Geothermal Water is More Than Just Pumps and Pipes
Geothermal Energy is a fantastic energy source providing significant benefits to public health as well as to the environment because it is one of the least polluting and most environmentally friendly forms of energy around. We all know from our school science classes that Mother Earth has plenty of heat beneath its surface. We also know that we can convert this heat into usable electrical energy or hot water and it is this sustainable renewable energy approach that helps us to generate power using this geothermal resource.
The Earth contains a lot of energy in the form of heat. The amount of heat stored as geothermal energy within the Earth is so huge that humans could not possibly use it all up, not even in a million years, making it a truly renewable energy resource. It is this extreme heat of the Earth’s core which permeates through most of the interior of our planet that geothermal energy systems tap directly into providing an unlimited source of energy for heating our homes and our water.
Bathing in a Geothermal Water Lagoon
The geothermal heating of buildings and water is a process that has been used since Roman times. It is a way of heating buildings by utilising sources of hot water that already exist near the Earth’s surface. In places where Geothermal resources are available it is possible to distribute hot water to multiple buildings and locations.
But as well as heating our homes using geothermal heat pumps or generating electricity using superheated steam, we can also use geothermal energy to heat swimming pools, baths and spas to endorse wellness and energy for life.
Geothermically heated waters have been used for thousands of years, and maybe longer. There was a revival of heated bathing culture back in the mid-to-late 19th century that saw the creation of countless “healing water” baths and spas all advertising various spa therapies to cure numerous health related issues.
Most Victorian spas claimed the natural minerals in the hot steamy geothermal water would leave you with a refreshed and energized feeling that you won’t get at any other regular spa. These hot geothermal waters, baths, pools and spas regularly exposed bathers to water temperatures well in excess of 100 degrees F.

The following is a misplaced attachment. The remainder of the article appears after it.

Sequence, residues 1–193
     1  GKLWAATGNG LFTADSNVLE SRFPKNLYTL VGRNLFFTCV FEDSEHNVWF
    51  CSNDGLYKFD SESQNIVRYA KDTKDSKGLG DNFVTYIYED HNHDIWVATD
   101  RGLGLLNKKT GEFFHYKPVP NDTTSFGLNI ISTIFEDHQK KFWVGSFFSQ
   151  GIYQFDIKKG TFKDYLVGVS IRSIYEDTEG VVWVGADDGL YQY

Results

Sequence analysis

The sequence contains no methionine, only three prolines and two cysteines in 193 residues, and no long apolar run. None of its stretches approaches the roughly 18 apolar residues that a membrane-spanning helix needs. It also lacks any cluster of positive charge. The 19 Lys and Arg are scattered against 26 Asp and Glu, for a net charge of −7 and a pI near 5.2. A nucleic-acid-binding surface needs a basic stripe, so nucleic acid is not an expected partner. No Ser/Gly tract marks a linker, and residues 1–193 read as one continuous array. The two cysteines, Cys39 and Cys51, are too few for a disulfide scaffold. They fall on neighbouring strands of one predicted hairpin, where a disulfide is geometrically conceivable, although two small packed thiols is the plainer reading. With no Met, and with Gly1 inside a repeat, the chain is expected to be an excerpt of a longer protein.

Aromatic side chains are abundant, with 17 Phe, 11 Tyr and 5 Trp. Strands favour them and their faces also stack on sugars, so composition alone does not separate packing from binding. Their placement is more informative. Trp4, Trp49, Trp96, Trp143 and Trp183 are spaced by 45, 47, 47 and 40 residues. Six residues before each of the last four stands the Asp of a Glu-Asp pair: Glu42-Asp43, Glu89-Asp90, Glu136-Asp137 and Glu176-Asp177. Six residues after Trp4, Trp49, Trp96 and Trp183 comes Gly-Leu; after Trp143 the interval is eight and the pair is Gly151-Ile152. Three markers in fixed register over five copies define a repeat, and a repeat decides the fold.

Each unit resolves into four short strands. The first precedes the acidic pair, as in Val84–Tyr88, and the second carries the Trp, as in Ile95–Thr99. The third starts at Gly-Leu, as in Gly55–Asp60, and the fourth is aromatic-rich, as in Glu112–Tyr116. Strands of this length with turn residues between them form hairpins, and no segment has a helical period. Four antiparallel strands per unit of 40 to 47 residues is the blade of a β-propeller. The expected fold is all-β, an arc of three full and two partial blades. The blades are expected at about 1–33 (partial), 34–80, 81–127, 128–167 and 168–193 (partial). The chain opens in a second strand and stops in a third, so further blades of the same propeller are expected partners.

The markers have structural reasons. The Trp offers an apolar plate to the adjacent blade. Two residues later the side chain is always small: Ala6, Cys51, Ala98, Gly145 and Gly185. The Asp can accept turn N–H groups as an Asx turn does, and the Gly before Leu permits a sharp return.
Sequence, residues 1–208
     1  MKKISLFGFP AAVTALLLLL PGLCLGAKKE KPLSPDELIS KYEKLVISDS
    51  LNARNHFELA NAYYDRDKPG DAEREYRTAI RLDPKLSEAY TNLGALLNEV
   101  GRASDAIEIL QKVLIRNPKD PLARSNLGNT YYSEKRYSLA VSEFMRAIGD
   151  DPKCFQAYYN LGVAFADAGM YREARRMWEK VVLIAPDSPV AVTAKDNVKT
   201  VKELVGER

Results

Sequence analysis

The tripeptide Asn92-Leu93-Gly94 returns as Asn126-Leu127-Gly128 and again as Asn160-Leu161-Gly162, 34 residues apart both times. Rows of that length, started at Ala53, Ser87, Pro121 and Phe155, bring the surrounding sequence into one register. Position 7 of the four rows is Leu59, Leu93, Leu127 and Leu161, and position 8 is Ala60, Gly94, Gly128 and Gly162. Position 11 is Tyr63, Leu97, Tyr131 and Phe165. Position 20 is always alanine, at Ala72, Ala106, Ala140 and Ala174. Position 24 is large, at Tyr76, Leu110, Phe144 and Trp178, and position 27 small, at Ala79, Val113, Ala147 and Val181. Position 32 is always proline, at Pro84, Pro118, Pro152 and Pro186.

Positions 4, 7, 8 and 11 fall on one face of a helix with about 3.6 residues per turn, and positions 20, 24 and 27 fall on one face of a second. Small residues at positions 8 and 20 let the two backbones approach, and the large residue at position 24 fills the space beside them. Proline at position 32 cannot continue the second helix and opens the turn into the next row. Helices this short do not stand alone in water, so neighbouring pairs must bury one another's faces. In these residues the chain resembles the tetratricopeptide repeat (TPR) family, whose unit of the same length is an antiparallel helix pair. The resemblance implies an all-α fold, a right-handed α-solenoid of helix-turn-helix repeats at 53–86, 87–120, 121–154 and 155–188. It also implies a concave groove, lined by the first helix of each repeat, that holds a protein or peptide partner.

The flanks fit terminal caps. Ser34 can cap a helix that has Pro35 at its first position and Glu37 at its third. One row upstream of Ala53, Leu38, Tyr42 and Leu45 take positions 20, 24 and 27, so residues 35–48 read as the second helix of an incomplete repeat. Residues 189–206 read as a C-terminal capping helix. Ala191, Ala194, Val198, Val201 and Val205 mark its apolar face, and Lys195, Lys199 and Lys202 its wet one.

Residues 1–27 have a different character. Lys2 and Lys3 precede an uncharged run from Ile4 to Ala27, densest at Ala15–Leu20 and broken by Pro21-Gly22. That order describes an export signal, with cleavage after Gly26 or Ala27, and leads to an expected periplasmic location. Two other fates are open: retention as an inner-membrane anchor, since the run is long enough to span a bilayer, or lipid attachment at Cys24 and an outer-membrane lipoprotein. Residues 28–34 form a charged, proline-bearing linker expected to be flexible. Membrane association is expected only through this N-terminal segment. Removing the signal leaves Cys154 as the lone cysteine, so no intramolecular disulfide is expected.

Today, the “Blue Lagoon” in Iceland is one of the most popular geothermal water spa’s around the world and an exciting place to swim all year round. This geothermal spa is like one huge natural outdoor swimming pool holding up to five million litres of pure geothermal seawater with temperatures ranging from between 95 to 98 degrees F. As well as being hot, the volcanically heated seawater is rich in natural minerals, including sulphur and silica and has helped many people with all kinds of skin conditions.
Mostly, when we think about geothermal energy we tend to think of geothermal heat pump technology and ground source pumps with their long coils of pipes buried deep within the Earth. But geothermal energy has many other advantages and even more uses than you might imagine especially for any processes were thermal heat or hot water is required. For example, geothermal water is being used in fish farms to spur the growth of aquatic animals ranging from shellfish, prawns, various amphibians, catfish and trout.
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Many farmers use geothermal energy to heat their greenhouses allowing them to grow vegetables and crops all year round or for the drying of fruits, vegetables and timber, as well as keeping their animals warm in winter.
Also, northern hemisphere countries like Iceland and Holland use geothermal water to heat side-walks, pavements and small pedestrian roads to prevent freezing in the winter thereby reducing accidents, just by using the heat below our feet in a positive way.
Geothermal energy has many positive advantages with the biggest one being that it is completely renewable. Since geothermal energy comes directly from the heat of the Earth, it is considered to be a truly renewable resource.
This means that you can use geothermally heated water over and over again simply by pumping cold water back into the ground. In fact, it can be considered as a lifetime energy source since the Earth itself is the one that gives off this heat producing a continuous source of geothermal water.
Geothermal energy is also considered clean. Geothermal energy is classified as one of the cleanest sources of energy because it does not burn any fossil fuels when heating the water or in producing electricity. And since it does not burn fossil fuels, no carbon dioxide emissions are released into the air.
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